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>> is it clear to you how many people have been injured or killed? >> over the last two years, hundreds have been injured by gunshot wounds, at least 24 killed over the last two days by government forces. most of those were civilians who were closest to sanaa, so it's been a bad day for those seeking change in this part of the world. >> he had tore of the "yemen post." forces loyal to libya's interim authorities say they've entered bani walid, one of the last towns still loyal to colonel gaddafi. they met heavy resistance from loyalists to gaddafi in the town, which is 170 kilometers southeast of the capital. a pro-gaddafi tv channel has confirmed the death of the deposed leader's youngest son. r.i. television, based in
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syria, says he was killed in a battle with national transitional council fighters at the end of august. the arab league has called on the government and opposition in syria to take part in a national dialogue to find an end to the violence there. at an emergency meeting in cairo, arab foreign ministers decided not to suspend him from the organization, but they did urge all parties to hold talks within the next couple of weeks. he's 57 and has never held a government job, but francois hollande has won the race to represent the socialists. the socialists are doing well in the polls at the moment, but can hollande really beat nicolas sarkozy? from paris, hugh schofield reports. >> so it's decided. francois hollande is the man vested with all the hopes of the french left to take on sarkozy in april's presidential election. the result of the primary was emphatic for mr. hollande, the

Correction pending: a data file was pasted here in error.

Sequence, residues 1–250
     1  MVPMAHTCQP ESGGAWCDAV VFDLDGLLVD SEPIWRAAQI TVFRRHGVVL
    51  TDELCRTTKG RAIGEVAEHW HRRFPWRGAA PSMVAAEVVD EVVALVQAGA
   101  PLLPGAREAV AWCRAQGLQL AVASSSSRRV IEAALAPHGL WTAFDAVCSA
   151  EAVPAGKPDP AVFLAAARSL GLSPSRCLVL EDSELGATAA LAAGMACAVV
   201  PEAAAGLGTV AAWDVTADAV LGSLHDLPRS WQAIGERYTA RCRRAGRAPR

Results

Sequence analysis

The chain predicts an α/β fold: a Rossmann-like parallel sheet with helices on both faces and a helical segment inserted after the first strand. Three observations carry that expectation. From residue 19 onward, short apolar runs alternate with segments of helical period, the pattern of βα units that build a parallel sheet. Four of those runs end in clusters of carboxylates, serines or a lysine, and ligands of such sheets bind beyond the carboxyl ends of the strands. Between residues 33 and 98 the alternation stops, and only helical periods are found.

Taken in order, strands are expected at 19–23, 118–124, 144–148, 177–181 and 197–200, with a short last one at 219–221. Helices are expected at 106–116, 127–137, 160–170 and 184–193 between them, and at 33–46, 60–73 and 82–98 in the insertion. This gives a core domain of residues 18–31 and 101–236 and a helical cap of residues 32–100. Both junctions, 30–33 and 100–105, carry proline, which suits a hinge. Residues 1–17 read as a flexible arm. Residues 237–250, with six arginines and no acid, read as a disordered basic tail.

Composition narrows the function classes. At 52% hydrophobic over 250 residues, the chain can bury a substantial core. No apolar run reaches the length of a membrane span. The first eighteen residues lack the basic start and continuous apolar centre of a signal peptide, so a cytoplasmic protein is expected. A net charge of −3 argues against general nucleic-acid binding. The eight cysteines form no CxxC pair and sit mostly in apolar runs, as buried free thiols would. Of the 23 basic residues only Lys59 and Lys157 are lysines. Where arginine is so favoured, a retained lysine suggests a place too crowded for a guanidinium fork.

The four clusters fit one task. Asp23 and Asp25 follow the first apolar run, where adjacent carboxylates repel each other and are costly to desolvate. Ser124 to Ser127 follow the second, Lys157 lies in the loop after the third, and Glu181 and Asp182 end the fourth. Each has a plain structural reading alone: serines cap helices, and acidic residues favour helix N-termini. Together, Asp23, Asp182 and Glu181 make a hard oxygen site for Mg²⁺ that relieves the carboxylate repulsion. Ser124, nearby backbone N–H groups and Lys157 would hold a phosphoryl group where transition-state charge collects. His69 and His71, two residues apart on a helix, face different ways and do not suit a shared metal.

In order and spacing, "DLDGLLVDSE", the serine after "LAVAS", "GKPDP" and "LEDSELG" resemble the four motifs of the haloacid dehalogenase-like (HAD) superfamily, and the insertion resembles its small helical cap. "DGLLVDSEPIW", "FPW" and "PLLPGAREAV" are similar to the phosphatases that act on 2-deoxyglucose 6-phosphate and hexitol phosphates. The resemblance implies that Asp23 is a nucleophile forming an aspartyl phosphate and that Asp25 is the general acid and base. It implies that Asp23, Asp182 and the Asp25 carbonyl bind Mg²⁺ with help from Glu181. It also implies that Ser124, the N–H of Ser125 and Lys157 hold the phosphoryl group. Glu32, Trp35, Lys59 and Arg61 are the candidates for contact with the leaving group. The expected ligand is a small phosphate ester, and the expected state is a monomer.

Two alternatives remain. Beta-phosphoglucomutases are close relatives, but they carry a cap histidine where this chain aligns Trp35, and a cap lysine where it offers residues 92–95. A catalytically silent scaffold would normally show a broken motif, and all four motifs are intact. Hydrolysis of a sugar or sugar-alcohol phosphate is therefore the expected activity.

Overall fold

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perfect springboard as he sets about his quest to be a leader. >> i note with pride and with responsibility tonight's vote, which was more than 55%, gives me the solid majority i had sought. this victory gives me the strength and the legitimacy to prepare the great challenge of the presidential elections. >> some have feared that the priory would only expose the division, but the defeated candidate, martine aubrey, was quick to concede. for her, the watch word of the party unity. >> with the project that we unanimously adopted on the eve of the primary, we have given a sense to our fight, but also a sense of the change that we're preparing for may 2012 with our primaries. we have a name, francois hollande.